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Posted by: Michael Williams - AIEEM BSc (Hons) on 30/01/2013

It is widely acknowledged that bees are among the most important pollinators, and concerns have been raised as to declines of many species in recent years. The last week has seen two important announcements that could benefit our native honey and bumblebees.

Common Carder Bumblebee

Common Carder Bumblebee (Bombus pascuorum)

Firstly, Natural England have announced a new licensing regime to control the use of non-native bumblebees for commercial pollination. Importation of non-native bumblebees, mostly foreign subspecies of the buff-tailed bumblebee (Bombus terrestris) has led to them competing and breeding native bees and introducing diseases and parasites. Currently a General Licence is required to use non-native bumblebees for pollination, however the new system will involve registration of the release premises, a disease-screening protocol, only permitting their use for enclosed environments such as greenhouses and polytunnels, destruction of non-native colonies after use and fines for unlicensed releases. Monitoring of the impacts on wildlife and disease patterns will also be undertaken.

Vestal Cuckoo Bumblebee

Vestal Cuckoo Bumblebee (Bombus vestalis)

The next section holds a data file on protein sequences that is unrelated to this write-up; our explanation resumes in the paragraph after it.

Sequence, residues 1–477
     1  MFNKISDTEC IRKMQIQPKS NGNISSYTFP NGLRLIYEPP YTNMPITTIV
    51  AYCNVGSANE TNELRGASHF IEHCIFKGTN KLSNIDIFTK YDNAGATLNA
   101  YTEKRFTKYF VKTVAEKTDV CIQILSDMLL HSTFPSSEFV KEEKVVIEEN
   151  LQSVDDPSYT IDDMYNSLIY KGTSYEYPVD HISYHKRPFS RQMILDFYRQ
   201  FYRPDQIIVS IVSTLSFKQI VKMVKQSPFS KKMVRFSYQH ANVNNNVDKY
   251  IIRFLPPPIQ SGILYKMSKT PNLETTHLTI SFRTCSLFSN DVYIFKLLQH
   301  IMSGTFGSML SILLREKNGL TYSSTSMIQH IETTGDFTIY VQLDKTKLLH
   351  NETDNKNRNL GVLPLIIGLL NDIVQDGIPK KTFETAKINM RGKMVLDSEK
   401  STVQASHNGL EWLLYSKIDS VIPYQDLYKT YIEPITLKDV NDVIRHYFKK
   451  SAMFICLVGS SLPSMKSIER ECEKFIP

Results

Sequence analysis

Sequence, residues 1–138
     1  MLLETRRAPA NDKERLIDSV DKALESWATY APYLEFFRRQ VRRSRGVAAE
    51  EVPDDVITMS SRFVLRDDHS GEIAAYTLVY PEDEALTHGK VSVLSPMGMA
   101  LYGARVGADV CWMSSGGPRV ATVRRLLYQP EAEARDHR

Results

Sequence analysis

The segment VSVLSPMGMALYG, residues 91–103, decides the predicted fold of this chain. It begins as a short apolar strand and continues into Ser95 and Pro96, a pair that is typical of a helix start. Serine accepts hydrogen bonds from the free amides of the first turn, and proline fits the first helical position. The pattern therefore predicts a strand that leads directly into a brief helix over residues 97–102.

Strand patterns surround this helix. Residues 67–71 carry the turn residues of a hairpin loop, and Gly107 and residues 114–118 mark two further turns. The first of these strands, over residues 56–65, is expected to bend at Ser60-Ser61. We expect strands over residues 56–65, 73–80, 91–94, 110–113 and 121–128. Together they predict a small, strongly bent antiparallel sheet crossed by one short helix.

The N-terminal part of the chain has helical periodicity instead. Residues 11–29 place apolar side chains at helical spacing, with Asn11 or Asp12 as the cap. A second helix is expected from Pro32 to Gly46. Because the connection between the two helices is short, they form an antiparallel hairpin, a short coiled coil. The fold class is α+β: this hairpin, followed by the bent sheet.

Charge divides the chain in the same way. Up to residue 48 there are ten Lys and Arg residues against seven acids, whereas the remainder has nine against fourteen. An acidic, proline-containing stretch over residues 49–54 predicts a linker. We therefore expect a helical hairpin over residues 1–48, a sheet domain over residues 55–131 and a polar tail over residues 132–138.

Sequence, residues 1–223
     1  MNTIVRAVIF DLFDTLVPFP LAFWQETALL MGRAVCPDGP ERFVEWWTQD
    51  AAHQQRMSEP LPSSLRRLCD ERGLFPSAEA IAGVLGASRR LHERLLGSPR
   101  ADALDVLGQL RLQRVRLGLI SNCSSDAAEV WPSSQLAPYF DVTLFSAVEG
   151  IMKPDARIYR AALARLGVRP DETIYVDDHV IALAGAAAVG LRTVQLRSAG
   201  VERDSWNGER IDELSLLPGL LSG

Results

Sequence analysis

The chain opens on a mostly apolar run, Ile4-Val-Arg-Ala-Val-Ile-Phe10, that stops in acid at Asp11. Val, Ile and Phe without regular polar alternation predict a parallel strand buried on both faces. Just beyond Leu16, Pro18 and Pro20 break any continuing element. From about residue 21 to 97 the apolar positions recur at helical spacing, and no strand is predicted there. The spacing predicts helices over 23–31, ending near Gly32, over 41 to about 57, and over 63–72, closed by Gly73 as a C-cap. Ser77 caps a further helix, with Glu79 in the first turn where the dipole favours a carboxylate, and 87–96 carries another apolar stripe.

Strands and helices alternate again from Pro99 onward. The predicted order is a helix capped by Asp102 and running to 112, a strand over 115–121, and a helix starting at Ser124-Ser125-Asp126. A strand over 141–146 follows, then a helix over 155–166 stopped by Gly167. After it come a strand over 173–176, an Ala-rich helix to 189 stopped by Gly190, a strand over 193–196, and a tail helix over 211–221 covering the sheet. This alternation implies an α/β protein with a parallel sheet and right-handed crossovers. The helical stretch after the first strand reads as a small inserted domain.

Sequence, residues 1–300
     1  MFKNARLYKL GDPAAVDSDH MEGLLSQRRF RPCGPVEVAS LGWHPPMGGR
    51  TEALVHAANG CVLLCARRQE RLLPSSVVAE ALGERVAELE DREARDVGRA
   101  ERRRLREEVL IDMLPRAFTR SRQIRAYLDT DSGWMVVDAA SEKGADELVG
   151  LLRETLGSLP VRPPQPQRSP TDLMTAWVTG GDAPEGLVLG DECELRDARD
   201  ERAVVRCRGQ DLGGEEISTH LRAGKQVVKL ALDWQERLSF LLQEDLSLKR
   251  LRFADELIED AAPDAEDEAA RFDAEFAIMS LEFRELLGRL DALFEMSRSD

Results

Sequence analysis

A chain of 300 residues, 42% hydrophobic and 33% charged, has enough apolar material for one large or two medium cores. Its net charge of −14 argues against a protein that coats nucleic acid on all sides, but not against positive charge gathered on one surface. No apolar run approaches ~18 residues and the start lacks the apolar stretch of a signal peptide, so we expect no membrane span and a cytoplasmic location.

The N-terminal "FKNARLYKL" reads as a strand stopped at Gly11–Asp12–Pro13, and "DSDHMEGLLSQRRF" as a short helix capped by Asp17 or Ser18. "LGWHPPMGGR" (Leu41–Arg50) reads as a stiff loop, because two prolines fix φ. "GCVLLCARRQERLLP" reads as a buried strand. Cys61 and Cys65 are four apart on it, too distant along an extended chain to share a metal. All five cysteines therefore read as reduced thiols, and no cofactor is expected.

The second announcement concerns neonicotinoid pesticides, long thought to be a significant factor in the decline of pollinators such as honey bees (Apis mellifera). The European Food Safety Authority (EFSA) stated last week that neonicotinoid pesticides should not be used on crops attractive to honey bees. This is a significant step to avoid damage to wild and commercial bee populations. Previously, Defra and the UK Advisory Committee on Pesticides have previously stated that they have confidence in the safety of neonicotinoid pesticides, however this announcement will put pressure on them to consider whether UK farmers can continue to use them. Honeybees are attracted to a range of flowering plants, and any moves to protect them from these pesticides may benefit other pollinators also.

On a final note, ecologists from Ecosulis noted an unusually high number of queen bumblebees flying in and around Bath in the first half of January, before the snow hit us. Queens of two species, the buff-tailed bumblebee (Bombus terrestris) and the red-tailed bumblebee (Bombus lapidarius) have been sited in Bath City Centre, Twerton and the Ecosulis office garden in Newton St Loe. We can only hope that they are now tucked up somewhere warm and dry, away from the snow and ice. The Bees Wasps and Ants Recording Society (BWARS) have recently launched a new campaign to record winter observations of the buff-tailed bumblebee – click here for more information and to submit a record.


Categories: Biodiversity Research
Tags: Bumblebees | Natural England | Pollinators
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